The Archive and the Edition: Digital Humanities for Literary Studies, 26 May 2016

Speakers: Dirk Van Hulle and Mark Nixon

26 May 2016,  11.00 – 16.00 Institute of English Studies, School of Advanced Study, University of London, Senate House, Malet St, London

Registration is available through the main CHASE website.

The training will enable arts and humanities students using archival material to understand how the archive supports and expands knowledge in literary analysis, and how to negotiate the increasingly digitised form of such archival material. Genetic studies is a growing field within literary studies. It has always been the case that some literary critics base their interpretations on an understanding of how a writer wrote, based on evidence from the archive, however the increased access to this evidence through digital formats has meant that scholars are using with increasing efficacy.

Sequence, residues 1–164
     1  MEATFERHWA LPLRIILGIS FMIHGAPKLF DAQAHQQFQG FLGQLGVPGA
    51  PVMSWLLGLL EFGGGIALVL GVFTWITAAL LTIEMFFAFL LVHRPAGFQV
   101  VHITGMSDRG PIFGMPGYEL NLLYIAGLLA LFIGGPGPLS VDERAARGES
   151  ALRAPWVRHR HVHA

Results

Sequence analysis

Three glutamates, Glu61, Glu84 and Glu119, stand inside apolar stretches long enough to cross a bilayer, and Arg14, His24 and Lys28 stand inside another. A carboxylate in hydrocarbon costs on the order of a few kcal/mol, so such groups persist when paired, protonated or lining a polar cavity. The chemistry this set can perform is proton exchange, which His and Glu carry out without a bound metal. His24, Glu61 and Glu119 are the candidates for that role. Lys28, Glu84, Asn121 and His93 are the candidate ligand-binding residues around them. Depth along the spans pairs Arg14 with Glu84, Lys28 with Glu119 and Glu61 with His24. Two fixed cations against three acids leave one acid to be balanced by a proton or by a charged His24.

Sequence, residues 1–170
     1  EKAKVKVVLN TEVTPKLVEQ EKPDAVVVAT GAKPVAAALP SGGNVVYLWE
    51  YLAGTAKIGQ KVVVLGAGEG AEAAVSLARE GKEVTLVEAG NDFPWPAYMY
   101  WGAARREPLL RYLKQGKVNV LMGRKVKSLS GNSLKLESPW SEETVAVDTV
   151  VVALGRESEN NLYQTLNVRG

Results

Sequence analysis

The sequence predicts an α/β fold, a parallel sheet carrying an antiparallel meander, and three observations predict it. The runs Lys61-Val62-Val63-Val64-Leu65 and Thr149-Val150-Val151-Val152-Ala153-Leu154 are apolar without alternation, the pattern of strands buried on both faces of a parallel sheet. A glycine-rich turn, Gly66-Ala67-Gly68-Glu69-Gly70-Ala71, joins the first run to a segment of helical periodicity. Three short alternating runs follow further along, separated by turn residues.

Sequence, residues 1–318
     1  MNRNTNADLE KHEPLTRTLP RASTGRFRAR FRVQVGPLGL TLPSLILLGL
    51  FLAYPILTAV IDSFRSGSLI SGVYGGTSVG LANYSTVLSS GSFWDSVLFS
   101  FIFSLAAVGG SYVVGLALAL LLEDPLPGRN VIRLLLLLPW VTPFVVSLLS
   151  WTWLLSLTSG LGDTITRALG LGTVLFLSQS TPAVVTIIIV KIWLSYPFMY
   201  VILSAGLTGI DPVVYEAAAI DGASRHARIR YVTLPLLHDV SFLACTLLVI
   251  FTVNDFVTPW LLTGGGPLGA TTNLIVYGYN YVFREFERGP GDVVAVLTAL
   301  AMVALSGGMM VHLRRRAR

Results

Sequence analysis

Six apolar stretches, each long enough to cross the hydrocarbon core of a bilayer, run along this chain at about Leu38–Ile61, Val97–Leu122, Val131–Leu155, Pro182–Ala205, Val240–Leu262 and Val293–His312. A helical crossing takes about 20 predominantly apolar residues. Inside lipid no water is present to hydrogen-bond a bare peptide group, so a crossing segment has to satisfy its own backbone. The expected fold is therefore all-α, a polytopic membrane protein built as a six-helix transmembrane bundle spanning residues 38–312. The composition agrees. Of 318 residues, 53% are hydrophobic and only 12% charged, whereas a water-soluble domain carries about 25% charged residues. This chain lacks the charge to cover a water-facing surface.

The manuscripts of Samuel Beckett will be used as a case study to discuss the range of issues such as making manuscripts accessible, transcription, encoding, and interpretation. The methodological framework of the training is the theory of genetic criticism, which sets itself a double task: the ‘genetic’ task of making the manuscripts accessible (ordering, deciphering and transcribing), resulting in a genetic dossier, and the ‘critical’ task of reconstructing the genesis from a chosen point of view (psychoanalysis, sociocriticism, narratology). Different methods of transcription (diplomatic, linear, topographic) and encoding (markup languages, the Text Encoding Initiative’s guidelines) will be discussed and applied to Beckett’s manuscripts. The potential interpretive consequences of this genetic research will be explored.

Target audience: The training will be applicable to all students who will be accessing archival material as part of their doctoral training.

Training Co-ordinator: Dr Derval Tubridy, Dean of the Graduate School, Goldsmiths, University of London.

Abstract